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Subject: Re: AW: AW: [sdo] HelperContext material for vF2F
Most of the points we discussed in today's call (compatibility and serialization), but there were a couple I wanted to follow up on:
Starting with JAXB 2.0 users do not need to use the same JAXB implementation for class generation and runtime. The Schema-to-Java compiler produces POJOs with standard annotations based on well documented rules (a user could have also applied these annotations themselves). The annotations are then used by JAXB runtimes according to well documented rules. This was a requirement that we as a JAXB spec group needed to meet in order for us to be considered for inclusion in Java SE 6 (which we met).
There are a number of usages in JPA where the user can be agnostic of the provider and can be ported easily, there are other usages where porting is harder. JPA is expanding the number of user cases where the user can be agnostic of the provider. I'm OK with our customers believing that it is hard to switch away from our JPA implementation, but we have had a lot of success switching customers to our JPA implementation :).
Barack, Ron wrote:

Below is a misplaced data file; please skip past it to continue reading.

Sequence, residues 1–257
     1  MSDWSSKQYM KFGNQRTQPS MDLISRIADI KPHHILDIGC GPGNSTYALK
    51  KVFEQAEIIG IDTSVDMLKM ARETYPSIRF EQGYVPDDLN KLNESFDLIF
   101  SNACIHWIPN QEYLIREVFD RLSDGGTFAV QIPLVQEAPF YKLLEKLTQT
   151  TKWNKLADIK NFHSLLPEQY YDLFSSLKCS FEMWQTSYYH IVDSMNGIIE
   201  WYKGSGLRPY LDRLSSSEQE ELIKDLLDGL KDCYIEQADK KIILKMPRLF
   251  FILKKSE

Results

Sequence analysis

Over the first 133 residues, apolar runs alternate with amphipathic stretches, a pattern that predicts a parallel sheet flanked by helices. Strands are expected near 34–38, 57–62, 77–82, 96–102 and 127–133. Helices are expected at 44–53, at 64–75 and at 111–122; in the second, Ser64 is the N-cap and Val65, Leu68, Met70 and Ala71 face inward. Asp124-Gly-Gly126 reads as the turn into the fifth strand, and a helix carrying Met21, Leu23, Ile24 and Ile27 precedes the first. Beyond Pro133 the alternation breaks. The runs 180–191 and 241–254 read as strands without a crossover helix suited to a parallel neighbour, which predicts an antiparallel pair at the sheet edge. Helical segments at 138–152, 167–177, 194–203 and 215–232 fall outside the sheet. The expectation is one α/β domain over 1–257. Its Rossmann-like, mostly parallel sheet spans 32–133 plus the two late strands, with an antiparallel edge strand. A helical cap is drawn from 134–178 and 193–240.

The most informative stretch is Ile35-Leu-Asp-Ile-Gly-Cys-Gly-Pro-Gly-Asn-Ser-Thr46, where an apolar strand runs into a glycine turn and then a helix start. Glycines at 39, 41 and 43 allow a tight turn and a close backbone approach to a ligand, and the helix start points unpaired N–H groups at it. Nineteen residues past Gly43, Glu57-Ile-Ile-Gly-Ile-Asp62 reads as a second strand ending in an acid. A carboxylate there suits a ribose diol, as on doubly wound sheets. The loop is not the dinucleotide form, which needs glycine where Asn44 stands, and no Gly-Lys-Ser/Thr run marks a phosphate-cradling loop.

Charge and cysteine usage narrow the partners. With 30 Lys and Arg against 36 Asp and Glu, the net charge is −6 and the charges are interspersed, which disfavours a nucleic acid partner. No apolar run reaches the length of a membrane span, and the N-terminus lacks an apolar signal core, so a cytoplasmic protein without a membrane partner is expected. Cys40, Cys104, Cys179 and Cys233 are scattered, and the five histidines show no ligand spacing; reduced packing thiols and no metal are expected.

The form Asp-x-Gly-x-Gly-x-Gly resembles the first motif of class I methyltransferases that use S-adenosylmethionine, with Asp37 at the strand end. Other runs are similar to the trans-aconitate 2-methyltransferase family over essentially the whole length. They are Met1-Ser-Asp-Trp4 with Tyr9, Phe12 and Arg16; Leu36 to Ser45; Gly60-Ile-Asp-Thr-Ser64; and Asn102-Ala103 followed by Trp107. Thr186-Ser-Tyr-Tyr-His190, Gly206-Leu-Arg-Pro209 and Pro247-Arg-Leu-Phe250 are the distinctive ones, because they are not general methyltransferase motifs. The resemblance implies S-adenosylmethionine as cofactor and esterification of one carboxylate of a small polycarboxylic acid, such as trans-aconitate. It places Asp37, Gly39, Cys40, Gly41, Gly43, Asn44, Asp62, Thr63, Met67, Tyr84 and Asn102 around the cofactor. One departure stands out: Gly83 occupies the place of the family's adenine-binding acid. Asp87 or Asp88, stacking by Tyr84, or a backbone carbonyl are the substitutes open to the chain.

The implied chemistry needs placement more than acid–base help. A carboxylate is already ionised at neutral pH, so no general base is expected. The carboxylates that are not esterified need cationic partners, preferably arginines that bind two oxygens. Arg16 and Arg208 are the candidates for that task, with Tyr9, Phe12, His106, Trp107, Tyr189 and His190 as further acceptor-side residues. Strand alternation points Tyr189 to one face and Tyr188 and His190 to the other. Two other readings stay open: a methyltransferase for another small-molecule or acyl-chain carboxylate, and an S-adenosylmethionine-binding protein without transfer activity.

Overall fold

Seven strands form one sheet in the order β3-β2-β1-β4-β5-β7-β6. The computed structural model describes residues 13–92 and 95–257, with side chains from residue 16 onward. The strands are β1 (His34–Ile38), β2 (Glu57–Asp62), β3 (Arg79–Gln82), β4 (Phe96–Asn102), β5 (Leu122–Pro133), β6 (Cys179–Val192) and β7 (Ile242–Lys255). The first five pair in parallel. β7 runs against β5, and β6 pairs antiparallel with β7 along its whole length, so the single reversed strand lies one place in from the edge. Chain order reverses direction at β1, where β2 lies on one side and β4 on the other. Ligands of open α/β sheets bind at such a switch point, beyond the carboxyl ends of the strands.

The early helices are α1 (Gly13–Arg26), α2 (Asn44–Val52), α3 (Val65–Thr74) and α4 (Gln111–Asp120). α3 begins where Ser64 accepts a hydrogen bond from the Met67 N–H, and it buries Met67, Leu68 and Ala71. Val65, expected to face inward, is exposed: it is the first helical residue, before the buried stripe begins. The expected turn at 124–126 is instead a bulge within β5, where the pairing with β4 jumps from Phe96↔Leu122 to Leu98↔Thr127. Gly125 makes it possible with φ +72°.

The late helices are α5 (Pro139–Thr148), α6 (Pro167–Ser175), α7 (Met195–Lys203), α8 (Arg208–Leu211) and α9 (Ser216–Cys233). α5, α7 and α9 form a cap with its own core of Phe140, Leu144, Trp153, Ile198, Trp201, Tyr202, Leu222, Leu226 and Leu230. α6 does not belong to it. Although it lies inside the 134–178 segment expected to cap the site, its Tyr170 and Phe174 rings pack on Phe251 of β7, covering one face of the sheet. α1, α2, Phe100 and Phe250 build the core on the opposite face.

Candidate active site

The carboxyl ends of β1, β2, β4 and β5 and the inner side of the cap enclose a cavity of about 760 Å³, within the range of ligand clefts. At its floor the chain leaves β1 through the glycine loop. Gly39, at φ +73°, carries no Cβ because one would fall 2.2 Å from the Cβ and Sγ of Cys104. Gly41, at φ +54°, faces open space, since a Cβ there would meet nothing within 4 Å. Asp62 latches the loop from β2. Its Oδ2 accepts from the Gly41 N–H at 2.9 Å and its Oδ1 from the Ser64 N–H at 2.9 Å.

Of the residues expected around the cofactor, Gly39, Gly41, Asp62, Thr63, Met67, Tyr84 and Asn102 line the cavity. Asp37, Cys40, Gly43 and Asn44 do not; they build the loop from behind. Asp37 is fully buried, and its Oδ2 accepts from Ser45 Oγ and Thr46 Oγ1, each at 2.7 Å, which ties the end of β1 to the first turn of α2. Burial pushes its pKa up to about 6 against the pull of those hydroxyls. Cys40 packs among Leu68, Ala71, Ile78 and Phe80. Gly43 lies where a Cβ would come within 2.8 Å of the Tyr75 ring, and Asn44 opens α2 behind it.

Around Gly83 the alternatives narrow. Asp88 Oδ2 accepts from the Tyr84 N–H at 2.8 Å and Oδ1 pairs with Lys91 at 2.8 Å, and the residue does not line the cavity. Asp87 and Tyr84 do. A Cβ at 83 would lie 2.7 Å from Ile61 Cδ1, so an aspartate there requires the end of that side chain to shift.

7C3EF93EEBC6EB4A8B4470853DE8656674BA30@dewdfe18.wdf.sap.corp" type="cite">Hi Blaise, I'm definitely resigned to the deprecation of INSTANCE, since we all know that implementing them in a way suitible to an app server requires a bunch of really messy hacks. SDO.defaultHelperContext() is a good compromise. If I read the JAXB spec correctly, users do have to care what implementation they get at runtime: it must be the same one used to generate the POJOs. I'd be very surprised if I could take a JPA persistent object from eclipseLink and use it in another implementation. In any case, users being able to deploy to an app server without caring which SDO implementation they care seems to be a function of good source code compatibility. Anyway, the goal seems at odds with the proposal which includes a lot of mechanisms so that users that do care about the implementation can select the one they want (which is a good thing). I think in general we are on the same page about the bootstrap functionality in the new SDO class. I actually like the wording in the spec about the standard serialization algorithm, and I definitely think we should continue to define one. We define what how interop is supposed to work, but don't require implementation to use it. We should also improve the algorithm, so that non-closed graphs can also be serialized. This was also a big reason for not using the standard serialization in our implementation, we may revisit the issue when this is fixed. But I don't have any proposals yet. For instance, I'm not sure if the implementation name should also be on the stream. I differenciate betweed source code compatibility (any application using standard SDO behavior will behave the same using any implementation) and interoperability (making calls from one vendor implementation to another). I think we have a lot of work to do to achieve the first, and the second may be out of our reach for SDO 3.0. In any case, as I described, I see the default helper context as being only marginally related to the problem of (de-)serialization. In JEE, I see the defaultHelperContext as being the HelperContext that is associated with the application. In SCA terminology, it is the HelperContext associated with the contribution. And users obtain references to it using the SDO.defaultHelperContext() or whatever method. Talk to you in a few minutes. Ron -----Ursprüngliche Nachricht----- Von: Blaise Doughan [mailto:email@example.com] Gesendet: Donnerstag, 19. Februar 2009 14:59 An: Barack, Ron Cc: firstname.lastname@example.org Betreff: Re: AW: [sdo] HelperContext material for vF2F Hi Ron, Thank you for your comments. For default/global helper context my intent was to use "default" in the API. When describing HelperContexts I usually use the terms "global" and "local" when I speak, so I wanted to ensure that I defined them in my slides. Wrt your comment about having to pass around HelperContexts, are you saying that you would rather not deprecate the INSTANCE variables? Or is it enough for you to have the short cut method SDO.defaultHelperContext()? The use cases I want to see are different SDO implementations available within a single application server. Each application should be able to use a different SDO implementation. Also I would like users to be able deploy there applications to an app server without caring who the SDO provider is. This ability is a great selling point for JPA and JAXB, and SDO's inability to do this is hard to explain to customers. SDO serialization as it is today means that the same SDO implementation is available on the server and client wrt RMI. Maybe its enough to state in the spec that this a known limitation and that serialization can not be expected to work unless the both ends are provided by the same vendor, even though a vendor independent algorithm is defined in the spec. I agree that HelperContext info should be included in the serialization, do you have something that can be proposed? The "isStandard" method is meant to cover more than serialization. Users getting the default HelperContext (possibly through SDO.defaultHelperContext()), need to have some expectations on how SDO works. Currently with all the vagueness in the spec that call can hardly be recommended (different XML to property name algorithms, different handling of sequenced DataObjects and ChangeSummary). At this point I see to high level directions: 1. We focus on interoperability issues in the SDO spec. This brings us in line with the approaches taken by JPA and JAXB where there is a standard set of behaviour and vendors differentiate themselves with proprietary extras (i.e. EclipseLink JAXB offers meet-in-the-middle mapping in addition to the spec). Here users can have confidence using SDO.defaultHelperContext() and implementors wanting to vary from the spec (in core areas) can indicate their implementation is not a candidate to be the default helper context. 2. We declare that the only integration point between SDO implementations is the XML representation. In this scenario a default helper context is meaningless as the user needs to know what vendor they are using. Here I would suggest removing the defaultHelperContext methods and focusing on putting HelperContext info in the serialization info possibly as you describe. -Blaise Barack, Ron wrote:Hi Blaise, everyone, My first comments on the proposal. Perhaps, knowing what our concerns/ questions are, you can address them in your presentation... First, regarding the "globalHelperContext" (why not "default"?). I think we need this for more than just java.io.Serialization. SDO 2.0 did not require client code to pass around helper contexts, users could just use e.g., TypeHelper.INSTANCE. In 2.1 we made this HelperProvider.getDefaultContext().getTypeHelper(). Having to pass around the helper context (as a parameter in client code), is a big usability problem, in my opinion. In fact, I was going to suggest having SDO.defaultHelperContext() as a convenience method for SDO.getDefaultHelperContextFactory().getDefaultContect()... Simply to save the user the typing. I'm a little surprised by the emphasis on the multi-vendor usecase, and I'm wondering about the granularity in which the different vendor's implementations are being mixed. Of course, in a SOA application I can imagine this occuring, and even within the same VM, where for example 2 JEE applications or 2 OSGi bundles rely on different SDO implementations. I get the impression, though, that you are imagining a single JEE component, say a SessionBean, that uses 2 SDO implementations. I agree this is possible, but I think it's very much off the beaten path...not something I would put a high priority on supporting. What exactly are your usecases here? In my opinion the spec mainly provides source code compatibility, and we achieve interoperability through XML serialization. What targets do you have in mind when you say that we should give greater emphasis to interop? This relates to the reasons why I was actually against standardizing the java.io Serialization back in the 2.1 days. When a JEE application is under a heavy load and beans are passivated, serialization become a very critical operation indeed. I think it is necessary that implementations be allowed to optimize this operation as much as possible. The main motivation for standardizing the serialization format is, in my opinion, to enable RMI calls between two SDO Java implementations on different VMs. But going between VMs using RMI is relatively rare, and especially going between VMs where different vendors implementations are involved. Briefly put, my concerns about efficient EJB passivation trumped my interest in supporting the multi-vendor usecase. One is something that we do everyday, and for which we will be nailed to the wall if we don't achieve... The other is, as you guys often say, something that no user (of ours) has ever requested. Also, in our java.io.serialization, we store an identifier for the HelperContext in the stream. This is, in my opinion a required functionality. The 2.1 serialization algorithm doesn't do this, so we would have really been unable to cover all our usecases if standard serialization was a compliance requirement. The isStandard method is fine (maybe should be named something like "usesStandardSerialization"), but I wouldn't want to tie it in with what is an acceptable "GlobalHelperContext". Clients, especially EJB clients, can currently use the default context and have implicitly an efficient serialization. Requiring them to create and manage their own HelperContext would be a breaking change for us. Shouldn't HelperContextFactory also provide get methods? I'm assuming here every "create" returns a new HelperContext(). We certainly have cases where we want contexts to be shared, for instance, between instances of a SessionBean. It could be I want to look up a helper context that I've already created. I am thinking that the Map (or some special entries in the map) that is given to the create method could also be used to identify the context later. This would open the door to putting the HelperContext identifier onto the serialization stream (I think this should be part of this proposal). If we think about a JavaEE environment, what is the protection offered so that applications do not interfer with the HelperContexts of other applications? Under the circumstance that both applications are using the same SDO implementation, then they will both get the same HelperContextFactory, right? Despite whatever lookup methods we add, we need to make sure that applications cannot interfer with each other. The classpath argument to the factory create methods seems to me to relate to more than just the classpath to the static SDOs, rather, it identifies the application with which the helper context is associated. Looking forward to today's meeting, Ron -----Ursprüngliche Nachricht----- Von: Blaise Doughan [mailto:email@example.com] Gesendet: Sonntag, 15. Februar 2009 13:56 An: firstname.lastname@example.org Betreff: [sdo] HelperContext material for vF2F Hello All, Attached is some material for the HelperContext discussion. -Blaise--------------------------------------------------------------------- To unsubscribe from this mail list, you must leave the OASIS TC that generates this mail. Follow this link to all your TCs in OASIS at: https://www.oasis-open.org/apps/org/workgroup/portal/my_workgroups.php